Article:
Saturday, December 26, 2009

one of the crazies

I'm currently reading Joel Salatin's You Can Farm, which is fantastic, but it's raising a lot of questions. Not questions for Joel concerning his methods and philosophy (I think the man's brilliant) but questions for me. This book is making me realize how society (in general) views farming as a career choice. The most prominent of all questions the book's raised so far was this: "Do people think I'm crazy for wanting to be a Shepherd in the 21st century?"

His answer: yes.

The book opens up with the harsh reality that if you want to pursue a profitable, family-friendly, self-employed life as a small farmer—you're going to run into a lot of naysayers. It's just not something a lot of people want to do or even want to understand anymore. Young people from non-agricultural backgrounds without farming friends are going to meet a lot of push back when they "come out of the chicken coop" and admit: Yes, they want to be farmers. To some people that's equivalent to happiness suicide. Thanks to the distance from our food sources the supermarket grants us, the perception of farming is bleak. People think farming for a living is back-breaking, mindless, drudgery. To some, saying you want to start a farm is like saying you want to be a Navy Seal for kicks. Why would anyone put themselves through that?

This makes me ask another question. When did work become bad? And not just work, when did putting any sort of effort into our tasks of eating, clothing, and sheltering ourselves become crazy?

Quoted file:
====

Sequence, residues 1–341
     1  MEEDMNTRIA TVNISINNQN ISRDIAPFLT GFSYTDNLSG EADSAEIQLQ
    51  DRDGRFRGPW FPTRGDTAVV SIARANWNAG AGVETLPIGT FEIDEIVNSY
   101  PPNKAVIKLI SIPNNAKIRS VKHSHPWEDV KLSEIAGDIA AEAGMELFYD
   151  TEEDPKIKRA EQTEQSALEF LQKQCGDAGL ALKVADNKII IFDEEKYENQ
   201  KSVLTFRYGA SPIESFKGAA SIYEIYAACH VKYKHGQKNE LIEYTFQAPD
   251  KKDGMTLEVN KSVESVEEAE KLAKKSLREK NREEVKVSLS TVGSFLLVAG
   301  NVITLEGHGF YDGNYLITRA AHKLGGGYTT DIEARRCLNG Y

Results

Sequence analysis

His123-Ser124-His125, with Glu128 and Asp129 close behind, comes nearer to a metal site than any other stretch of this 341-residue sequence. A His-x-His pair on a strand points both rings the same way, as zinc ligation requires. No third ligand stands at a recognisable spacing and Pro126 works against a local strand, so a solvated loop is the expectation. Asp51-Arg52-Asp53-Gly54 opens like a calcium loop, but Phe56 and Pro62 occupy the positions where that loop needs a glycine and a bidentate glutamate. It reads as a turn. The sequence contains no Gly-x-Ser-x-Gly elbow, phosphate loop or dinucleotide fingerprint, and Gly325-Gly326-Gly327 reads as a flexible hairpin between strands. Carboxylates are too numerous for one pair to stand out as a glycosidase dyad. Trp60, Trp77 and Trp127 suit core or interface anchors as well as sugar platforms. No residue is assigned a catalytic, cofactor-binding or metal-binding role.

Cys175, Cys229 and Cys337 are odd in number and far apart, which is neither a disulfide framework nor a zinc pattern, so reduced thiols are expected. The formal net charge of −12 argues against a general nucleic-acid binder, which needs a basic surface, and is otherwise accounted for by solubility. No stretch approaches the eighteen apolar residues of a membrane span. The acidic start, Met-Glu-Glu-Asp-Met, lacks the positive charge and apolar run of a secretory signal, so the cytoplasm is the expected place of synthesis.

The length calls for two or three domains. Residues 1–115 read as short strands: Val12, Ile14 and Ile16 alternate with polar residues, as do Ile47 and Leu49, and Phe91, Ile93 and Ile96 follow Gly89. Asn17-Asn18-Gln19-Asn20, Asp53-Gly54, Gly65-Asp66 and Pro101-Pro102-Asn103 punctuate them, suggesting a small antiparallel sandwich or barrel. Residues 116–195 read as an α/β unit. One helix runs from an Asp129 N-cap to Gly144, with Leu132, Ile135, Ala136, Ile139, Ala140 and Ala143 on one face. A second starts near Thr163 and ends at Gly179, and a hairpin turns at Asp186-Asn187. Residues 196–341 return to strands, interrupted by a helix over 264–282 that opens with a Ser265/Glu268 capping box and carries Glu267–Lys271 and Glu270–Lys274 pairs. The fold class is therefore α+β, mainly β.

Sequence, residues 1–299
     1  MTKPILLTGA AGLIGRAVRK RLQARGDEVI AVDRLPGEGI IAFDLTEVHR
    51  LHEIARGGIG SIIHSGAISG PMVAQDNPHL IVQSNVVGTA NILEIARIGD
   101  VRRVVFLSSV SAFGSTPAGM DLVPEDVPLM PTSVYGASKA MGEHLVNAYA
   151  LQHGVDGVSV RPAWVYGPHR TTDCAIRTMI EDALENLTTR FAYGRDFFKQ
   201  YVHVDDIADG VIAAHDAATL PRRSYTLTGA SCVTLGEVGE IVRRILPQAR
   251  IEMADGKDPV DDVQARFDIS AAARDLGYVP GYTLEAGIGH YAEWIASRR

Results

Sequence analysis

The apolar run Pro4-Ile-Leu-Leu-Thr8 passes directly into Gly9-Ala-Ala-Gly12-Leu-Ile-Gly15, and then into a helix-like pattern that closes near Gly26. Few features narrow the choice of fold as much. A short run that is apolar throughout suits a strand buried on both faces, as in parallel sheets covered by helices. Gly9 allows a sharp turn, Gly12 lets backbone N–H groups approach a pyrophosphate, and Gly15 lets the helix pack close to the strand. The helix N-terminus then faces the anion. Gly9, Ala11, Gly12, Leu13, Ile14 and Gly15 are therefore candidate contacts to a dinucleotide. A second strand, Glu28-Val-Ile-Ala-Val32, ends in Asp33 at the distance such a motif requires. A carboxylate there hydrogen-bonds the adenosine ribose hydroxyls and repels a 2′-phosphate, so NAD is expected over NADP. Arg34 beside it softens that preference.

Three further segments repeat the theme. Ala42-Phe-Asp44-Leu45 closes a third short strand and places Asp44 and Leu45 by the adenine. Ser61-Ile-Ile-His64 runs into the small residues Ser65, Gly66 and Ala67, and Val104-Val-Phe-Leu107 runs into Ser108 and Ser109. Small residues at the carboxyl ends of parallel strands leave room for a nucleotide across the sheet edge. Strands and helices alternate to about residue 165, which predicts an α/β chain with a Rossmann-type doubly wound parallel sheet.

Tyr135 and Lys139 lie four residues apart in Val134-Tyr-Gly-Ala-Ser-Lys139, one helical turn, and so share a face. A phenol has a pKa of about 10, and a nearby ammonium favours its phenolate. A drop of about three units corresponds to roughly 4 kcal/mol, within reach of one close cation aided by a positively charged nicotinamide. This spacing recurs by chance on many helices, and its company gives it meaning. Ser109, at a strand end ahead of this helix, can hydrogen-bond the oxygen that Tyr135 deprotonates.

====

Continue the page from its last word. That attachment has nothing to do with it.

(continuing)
Friday, December 25, 2009

merry christmas!

Thursday, December 24, 2009

come to my beginner fiddle workshop!

I'll be hosting a Beginner's Southern Mountain Fiddle workshop here at the cabin this February. It'll be a Sunday afternoon mid-month. The workshop will run from 12-4PM and cover all the basics you need to get acquainted with the fiddle. We'll cover care and feeding, tuning, supplies, finger placement, scales, and your first song. You'll also learn and how to read and follow beginner tablature. There will be group and one-on-one sessions. All you need to come join us is a violin in working condition with a bow with some rosin on it. No musical experience needed, just the desire to play. I'll provide beginner instruction materials and home-baked snacks and coffee. All this will be for a flat donation rate which will go towards the farm fund. As long as five people sign up (and no more than eight) I'll host it here at the cabin. If you're interested in the workshop please email me at jenna@itsafarwalk.com.